Just when you thought it was safe to get back in the social scene, the bad news hits. That shot in your arm wasn't such a shot in the arm. In recent years, the doctors who designed the vaccine had to make a decision as to which strain to fight, Panama flu or Fujian flu. From their data, it looked like Panama would continue to grow strong and the beginnings of the Fujian strain would peter out.
They bet wrong. Fujian flu, a variant of the Panama variety, is just different enough so that the current vaccine doesn't offer complete protection. Fujian made a strong showing during Australia's flu season in June of 2003, but that wasn't soon enough for scientists to incorporate it into their shot. It takes months to grow enough vaccine, and the decision had to be made back in February. The good news: as science continues to advance, the odds on picking the better vaccine in a timely fashion increases.
It's been in the news lately that we are short of vaccine. That's true for the injection, but there is an alternative. The inhaled flu vaccine may be available where serum supplies have run out. The cost is higher ($50 as opposed to $20 for the shot), but some health departments are considering lowering the price to match the shot so more people will use it. Check with your health care provider or health department for its availability and cost in your area.
This Fujian flu is nasty stuff. Like many flu strains, it can occasionally be deadly, with children, pregnant women, and the elderly being more likely to suffer its worst effects. According to the U.S. government's Center for Disease Control (CDC), flu symptoms may include fever (usually high), headache, extreme tiredness, dry cough, sore throat, runny or stuffy nose, and muscle aches. Gastro-intestinal symptoms, such as nausea, vomiting, and diarrhea, are much more common among children than adults. The flu is highly contagious. It may be passed to others a day before symptoms manifest and up to a week afterwards. If the flu hits your household, a trip to the doctor's may be in order.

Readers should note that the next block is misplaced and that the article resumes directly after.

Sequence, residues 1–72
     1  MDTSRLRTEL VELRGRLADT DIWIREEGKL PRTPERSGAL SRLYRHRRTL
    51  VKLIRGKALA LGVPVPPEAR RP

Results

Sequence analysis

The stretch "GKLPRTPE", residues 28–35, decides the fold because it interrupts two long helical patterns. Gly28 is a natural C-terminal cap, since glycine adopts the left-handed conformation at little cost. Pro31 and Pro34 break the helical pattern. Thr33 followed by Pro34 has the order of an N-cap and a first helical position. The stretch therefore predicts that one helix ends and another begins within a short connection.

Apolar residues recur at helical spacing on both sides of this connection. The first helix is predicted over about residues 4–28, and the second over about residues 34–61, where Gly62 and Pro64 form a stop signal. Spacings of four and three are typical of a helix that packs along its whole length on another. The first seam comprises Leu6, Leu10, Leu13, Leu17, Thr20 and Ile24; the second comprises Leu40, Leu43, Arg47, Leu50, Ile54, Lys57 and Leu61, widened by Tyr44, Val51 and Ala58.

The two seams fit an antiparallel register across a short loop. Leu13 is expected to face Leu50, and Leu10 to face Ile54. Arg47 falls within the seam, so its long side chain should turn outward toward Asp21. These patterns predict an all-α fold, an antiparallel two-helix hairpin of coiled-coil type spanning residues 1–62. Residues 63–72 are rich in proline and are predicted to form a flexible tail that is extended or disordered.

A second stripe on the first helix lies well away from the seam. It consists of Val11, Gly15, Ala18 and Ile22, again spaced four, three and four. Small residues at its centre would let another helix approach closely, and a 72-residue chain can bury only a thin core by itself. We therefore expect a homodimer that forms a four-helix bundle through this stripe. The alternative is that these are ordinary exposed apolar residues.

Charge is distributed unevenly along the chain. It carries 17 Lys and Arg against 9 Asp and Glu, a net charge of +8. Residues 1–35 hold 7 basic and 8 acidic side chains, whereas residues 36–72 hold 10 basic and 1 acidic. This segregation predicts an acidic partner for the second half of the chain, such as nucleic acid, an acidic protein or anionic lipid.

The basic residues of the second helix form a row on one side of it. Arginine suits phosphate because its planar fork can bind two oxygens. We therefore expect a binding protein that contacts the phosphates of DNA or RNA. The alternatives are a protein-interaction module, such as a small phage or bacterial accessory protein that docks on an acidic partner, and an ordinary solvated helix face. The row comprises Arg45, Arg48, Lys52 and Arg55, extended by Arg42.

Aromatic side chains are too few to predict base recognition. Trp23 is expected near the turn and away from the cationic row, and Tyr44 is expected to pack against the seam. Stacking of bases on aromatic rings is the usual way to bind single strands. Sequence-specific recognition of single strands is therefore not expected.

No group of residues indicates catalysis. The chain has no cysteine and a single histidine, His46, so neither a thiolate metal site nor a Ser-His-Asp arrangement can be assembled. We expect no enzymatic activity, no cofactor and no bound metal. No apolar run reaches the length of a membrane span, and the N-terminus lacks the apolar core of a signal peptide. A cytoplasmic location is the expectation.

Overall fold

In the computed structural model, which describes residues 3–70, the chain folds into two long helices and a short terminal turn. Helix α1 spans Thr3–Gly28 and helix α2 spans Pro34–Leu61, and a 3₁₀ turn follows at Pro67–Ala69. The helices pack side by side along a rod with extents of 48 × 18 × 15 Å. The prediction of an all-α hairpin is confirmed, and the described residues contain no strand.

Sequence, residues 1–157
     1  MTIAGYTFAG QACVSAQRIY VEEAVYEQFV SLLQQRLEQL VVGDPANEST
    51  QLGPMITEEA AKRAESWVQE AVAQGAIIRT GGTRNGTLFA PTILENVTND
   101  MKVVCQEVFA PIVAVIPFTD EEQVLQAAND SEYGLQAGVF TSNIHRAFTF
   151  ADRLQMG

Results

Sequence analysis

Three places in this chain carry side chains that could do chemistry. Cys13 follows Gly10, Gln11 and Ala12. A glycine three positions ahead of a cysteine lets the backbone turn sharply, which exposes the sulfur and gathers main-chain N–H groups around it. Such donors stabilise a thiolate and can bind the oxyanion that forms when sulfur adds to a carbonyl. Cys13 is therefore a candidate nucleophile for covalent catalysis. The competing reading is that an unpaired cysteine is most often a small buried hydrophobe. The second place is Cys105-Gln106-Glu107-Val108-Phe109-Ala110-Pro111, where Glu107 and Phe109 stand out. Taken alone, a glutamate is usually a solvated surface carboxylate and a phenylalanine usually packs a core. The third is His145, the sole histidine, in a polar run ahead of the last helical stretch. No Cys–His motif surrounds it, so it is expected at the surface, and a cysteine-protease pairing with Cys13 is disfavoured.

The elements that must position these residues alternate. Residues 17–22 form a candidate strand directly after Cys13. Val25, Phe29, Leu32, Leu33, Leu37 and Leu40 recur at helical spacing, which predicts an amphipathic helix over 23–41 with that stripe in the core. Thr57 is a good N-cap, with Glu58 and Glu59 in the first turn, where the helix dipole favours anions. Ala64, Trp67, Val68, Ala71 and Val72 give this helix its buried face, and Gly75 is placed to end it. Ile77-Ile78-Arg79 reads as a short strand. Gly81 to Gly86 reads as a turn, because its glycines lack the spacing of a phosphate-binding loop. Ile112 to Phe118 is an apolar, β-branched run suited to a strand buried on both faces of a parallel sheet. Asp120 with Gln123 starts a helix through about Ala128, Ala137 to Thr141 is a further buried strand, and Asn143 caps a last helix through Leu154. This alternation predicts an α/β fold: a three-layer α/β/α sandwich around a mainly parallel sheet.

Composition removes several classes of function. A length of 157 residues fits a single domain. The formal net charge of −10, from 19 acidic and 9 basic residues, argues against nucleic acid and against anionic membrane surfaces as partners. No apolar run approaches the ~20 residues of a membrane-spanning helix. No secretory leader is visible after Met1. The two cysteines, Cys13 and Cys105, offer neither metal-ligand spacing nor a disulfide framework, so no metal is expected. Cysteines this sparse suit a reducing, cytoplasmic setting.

Say you've dodged the flu so far; here's to hoping the trend continues. Below are tips for staying well from the CDC:
Avoid close contact
Avoid close contact with people who are sick. When you are sick, keep your distance from others to protect them from getting sick too.
Stay home when you are sick
If possible, stay home from work, school, and errands when you are sick. You will help prevent others from catching your illness.
Cover your mouth and nose
Cover your mouth and nose with a tissue when coughing or sneezing. It may prevent those around you from getting sick.
Clean your hands
Washing your hands often will help protect you from germs. Avoid touching your eyes, nose or mouth
Germs are often spread when a person touches something that is contaminated with germs and then touches his or her eyes, nose, or mouth.
Read on for more facts on today's flu and flu history.
In the Library
America's Forgotten Pandemic: The Influenza of 1918 by Alfred W. Crosby.
Between August 1918 and March 1919 the Spanish influenza spread worldwide claiming over 25 million lives, more people than perished in the fighting of the First World War. It proved fatal to at least a half-million Americans. Yet, the Spanish flu pandemic is largely forgotten today. In this vivid narrative, Alfred W. Crosby recounts the course of the pandemic during the panic-striken months of 1918 and 1919, measures its impact on American society, and probes the curious loss of national memory of this cataclysmic event.
The Common Cold Cure: Natural Remedies for Colds & Flu by Ray Sahelian and Victoria Dolby Toews.